The Mercury spoke independently with four other individuals who were present that evening, all of whom corroborated Ray’s recollection of events. Ray never saw Mondainé again.
“The craziest thing is that he believes that what he’s doing is right.”
When Ray left Celebration Tabernacle, he wasn’t sure if anyone else had suffered similar abuse from Mondainé. Only later did he discover there was at least one other alleged victim who was being assaulted under the same roof: Joe*.
Joe, who is Black, began staying at Mondainé’s Portsmouth house in 1999, when he was a high-school freshman attending Celebration Tabernacle. Joe said that, not long after he began staying over, Mondainé started visiting him while he slept.
“He would do this thing where he’d lay next to me and pretend to fall asleep, but then start touching my dick,” said Joe, who was 14 at the time. “I woke up several times to him trying to put his dick in my mouth.”
This soon became a regular occurrence. At the same time, Joe was growing increasingly aware of Mondainé’s violent outbursts. Joe said he witnessed Mondainé physically assaulting his twin teenage sons—Christopher and Elbert Jr.— on numerous occasions. Neither Christopher nor Elbert Jr. responded to the Mercury's request for comment.
Joe says he was physically assaulted himself when he asked Mondainé if he could date a girl he met at church.
“He got furious about that,” said Joe. “He picked me up and threw me around. He’s a big guy, so he could really do whatever he wanted.”
These allegations of domestic violence are reflected in Mondainé’s arrest records. According to Multnomah County court documents, Mondainé’s son Christopher called 911 in January 2001 to report an assault by his father. This was after Christopher had moved out of his father’s house and into his own home in the Albina neighborhood. When police arrived, Mondainé was arrested at the scene; according to documents from the arrest, Mondainé allegedly forced his way into his son’s home and “grabbed [Christopher] by the neck, leaving a two-inch scratch mark.”
The case was dropped when no witnesses would testify against Mondainé.
There are no other public court records linked to Mondainé’s alleged assaults. Based on Joe’s experiences at Mondainé’s house, that doesn’t come as a surprise to him.
“[Mondainé] put a fear in me... a fear that kept me from speaking my mind or asking anyone for help,” Joe said. “He has a crazy control over people. The craziest thing is that he believes that what he’s doing is right. That man messed me up so much.”
Joe has had little contact with Mondainé since moving out of his house at 18.
Not all of Mondainé’s alleged victims stayed under his roof.
Michael* began attending Celebration Tabernacle with his family in 1995, when he was a teenager. His parents played integral roles in the church’s music programs, and he and his brother became active members of the church’s youth group, dance club, and choir. “It was a really creative group of kids,” said Michael, who is Black. “We were always putting on shows and dance nights. It all seemed great.”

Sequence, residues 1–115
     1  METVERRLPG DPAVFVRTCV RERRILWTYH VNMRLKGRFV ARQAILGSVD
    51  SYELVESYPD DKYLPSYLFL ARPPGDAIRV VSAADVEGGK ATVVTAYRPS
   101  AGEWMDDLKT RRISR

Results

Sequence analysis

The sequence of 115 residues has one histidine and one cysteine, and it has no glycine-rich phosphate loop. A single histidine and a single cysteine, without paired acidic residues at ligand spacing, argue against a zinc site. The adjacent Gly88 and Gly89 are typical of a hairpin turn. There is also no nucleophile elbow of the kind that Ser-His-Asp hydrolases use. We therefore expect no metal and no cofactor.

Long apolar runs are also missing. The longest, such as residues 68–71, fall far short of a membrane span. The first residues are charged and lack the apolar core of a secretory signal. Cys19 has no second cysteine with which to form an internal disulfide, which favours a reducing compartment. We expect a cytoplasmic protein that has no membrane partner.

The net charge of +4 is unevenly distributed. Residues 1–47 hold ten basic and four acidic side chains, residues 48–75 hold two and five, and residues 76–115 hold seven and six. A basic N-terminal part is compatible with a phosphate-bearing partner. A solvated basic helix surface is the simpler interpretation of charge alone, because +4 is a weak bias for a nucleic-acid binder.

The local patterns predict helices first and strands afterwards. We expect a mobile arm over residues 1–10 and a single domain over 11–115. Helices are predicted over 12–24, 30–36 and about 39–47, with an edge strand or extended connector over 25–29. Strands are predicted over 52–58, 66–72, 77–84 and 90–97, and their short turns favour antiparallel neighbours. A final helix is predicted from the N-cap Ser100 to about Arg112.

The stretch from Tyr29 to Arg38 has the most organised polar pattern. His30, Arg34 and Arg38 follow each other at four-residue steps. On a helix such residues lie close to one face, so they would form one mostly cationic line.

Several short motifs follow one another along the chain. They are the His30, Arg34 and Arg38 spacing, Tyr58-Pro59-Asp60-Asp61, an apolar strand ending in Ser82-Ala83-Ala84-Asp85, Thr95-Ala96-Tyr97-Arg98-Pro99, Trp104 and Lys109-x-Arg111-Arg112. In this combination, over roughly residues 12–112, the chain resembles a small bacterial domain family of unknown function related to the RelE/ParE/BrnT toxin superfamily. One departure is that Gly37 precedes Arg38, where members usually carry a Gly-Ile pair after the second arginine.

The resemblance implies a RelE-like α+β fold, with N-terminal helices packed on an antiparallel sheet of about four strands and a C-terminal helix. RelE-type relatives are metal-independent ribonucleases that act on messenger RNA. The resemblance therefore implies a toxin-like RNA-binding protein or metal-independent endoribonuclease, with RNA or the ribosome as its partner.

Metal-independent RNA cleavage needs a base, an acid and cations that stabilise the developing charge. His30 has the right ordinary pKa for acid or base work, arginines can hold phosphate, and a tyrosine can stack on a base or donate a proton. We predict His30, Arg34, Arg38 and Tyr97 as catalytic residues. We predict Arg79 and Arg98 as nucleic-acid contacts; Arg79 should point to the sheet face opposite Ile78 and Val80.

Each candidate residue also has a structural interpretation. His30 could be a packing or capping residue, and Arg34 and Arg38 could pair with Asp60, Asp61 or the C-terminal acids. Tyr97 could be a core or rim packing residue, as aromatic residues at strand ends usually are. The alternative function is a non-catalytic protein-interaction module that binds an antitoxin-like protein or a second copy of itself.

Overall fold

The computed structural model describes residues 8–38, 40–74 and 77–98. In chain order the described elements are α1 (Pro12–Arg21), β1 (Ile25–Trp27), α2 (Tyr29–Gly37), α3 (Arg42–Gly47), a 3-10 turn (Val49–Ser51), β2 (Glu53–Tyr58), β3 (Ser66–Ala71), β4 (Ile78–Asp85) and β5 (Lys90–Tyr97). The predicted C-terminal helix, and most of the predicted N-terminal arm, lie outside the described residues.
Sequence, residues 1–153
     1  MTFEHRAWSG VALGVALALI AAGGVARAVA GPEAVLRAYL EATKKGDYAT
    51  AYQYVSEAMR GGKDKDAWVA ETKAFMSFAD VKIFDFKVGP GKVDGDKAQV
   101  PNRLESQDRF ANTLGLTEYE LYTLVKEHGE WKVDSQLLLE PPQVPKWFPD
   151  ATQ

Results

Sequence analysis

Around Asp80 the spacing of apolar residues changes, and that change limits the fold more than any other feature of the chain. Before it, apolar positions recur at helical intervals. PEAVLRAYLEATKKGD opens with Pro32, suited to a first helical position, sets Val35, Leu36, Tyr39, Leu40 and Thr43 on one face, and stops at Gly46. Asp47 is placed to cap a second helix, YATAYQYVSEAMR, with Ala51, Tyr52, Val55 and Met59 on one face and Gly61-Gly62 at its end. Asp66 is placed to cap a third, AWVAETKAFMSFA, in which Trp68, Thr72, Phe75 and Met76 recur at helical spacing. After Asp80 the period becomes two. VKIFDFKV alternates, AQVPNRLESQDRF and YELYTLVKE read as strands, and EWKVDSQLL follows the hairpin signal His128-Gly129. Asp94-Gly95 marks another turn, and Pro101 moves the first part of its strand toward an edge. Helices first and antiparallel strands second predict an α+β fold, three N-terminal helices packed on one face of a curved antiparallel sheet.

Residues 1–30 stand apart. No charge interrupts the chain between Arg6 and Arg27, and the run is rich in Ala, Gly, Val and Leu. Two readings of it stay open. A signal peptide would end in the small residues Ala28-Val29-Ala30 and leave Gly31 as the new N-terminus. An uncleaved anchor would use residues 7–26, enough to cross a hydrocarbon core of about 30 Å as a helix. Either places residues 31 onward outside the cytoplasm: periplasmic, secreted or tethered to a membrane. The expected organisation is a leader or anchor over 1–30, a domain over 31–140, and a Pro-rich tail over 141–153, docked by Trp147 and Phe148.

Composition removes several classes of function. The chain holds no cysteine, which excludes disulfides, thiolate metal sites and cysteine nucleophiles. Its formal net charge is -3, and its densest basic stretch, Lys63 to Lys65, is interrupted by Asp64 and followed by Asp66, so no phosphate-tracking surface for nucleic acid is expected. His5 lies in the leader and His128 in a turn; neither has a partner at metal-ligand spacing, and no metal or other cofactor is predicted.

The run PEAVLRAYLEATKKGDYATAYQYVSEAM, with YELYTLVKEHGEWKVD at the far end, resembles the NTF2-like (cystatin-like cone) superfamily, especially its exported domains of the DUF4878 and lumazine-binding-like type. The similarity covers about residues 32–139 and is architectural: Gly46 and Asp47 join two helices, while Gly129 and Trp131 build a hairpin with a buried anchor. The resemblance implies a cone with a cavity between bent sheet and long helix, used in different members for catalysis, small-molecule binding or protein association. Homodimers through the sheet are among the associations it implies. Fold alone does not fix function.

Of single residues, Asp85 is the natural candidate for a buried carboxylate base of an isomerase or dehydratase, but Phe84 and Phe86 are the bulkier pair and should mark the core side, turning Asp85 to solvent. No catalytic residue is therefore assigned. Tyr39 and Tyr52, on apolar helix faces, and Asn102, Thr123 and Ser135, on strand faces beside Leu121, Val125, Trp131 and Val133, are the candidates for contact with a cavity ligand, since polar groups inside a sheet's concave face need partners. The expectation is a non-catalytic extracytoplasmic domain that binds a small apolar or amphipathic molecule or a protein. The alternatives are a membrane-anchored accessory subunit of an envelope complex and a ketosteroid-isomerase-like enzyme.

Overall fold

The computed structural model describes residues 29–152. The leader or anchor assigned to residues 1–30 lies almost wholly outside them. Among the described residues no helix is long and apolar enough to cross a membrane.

A talented dancer, Michael briefly left Portland in the late ’90s to teach and perform out of state. But after his mother fell ill in 2002, Michael returned home and began teaching hip-hop and tap dancing classes through the church. Michael, then 22, soon gained the trust of Mondainé, who asked him to help oversee the church’s finances and invited him to join the Knights, a respected group of men who attended Celebration Tabernacle. At the same time, Michael saw his freedom slipping away: Michael said Mondainé restricted him from going on tours with his outside dance company unless he funneled his earnings back into the church.
“When I asked about my money, I was just told to trust God and that God is going to bless us,” said Michael, now 40.
Mondainé’s alleged abuse began when Michael started to show interest in women.
Michael’s request to begin dating a woman who attended Celebration Tabernacle was denied by Mondainé. Michael began dating her in secret, but when word got out about the relationship, Mondainé allegedly ordered Michael to shave his head and called a meeting of the Knights, where Michael said he directed each member to “take a swing” at Michael.
Weeks after the alleged beating, when Mondainé discovered Michael was still seeing the woman, the response was worse.
Michael said the Knights were directed by Mondainé to drive him to Kelly Point Park in the middle of the night, where they were instructed to beat him with fists and sticks. Michael said Mondainé wasn’t present during this beating, but that Mondainé called members of the Knights as it was taking place to confirm it was happening.
“I wasn’t allowed to fight back,” said Michael. “The beating didn’t stop until my knees hit the ground.”
Afterwards, Michael said he was told to walk the seven miles back to Mondainé’s home. Ray, who was also a member of the Knights at this time, remembers this night vividly.
“We beat the shit out of him,” Ray recalled, “and then forced him to walk home barefoot in winter. He was in really bad shape.”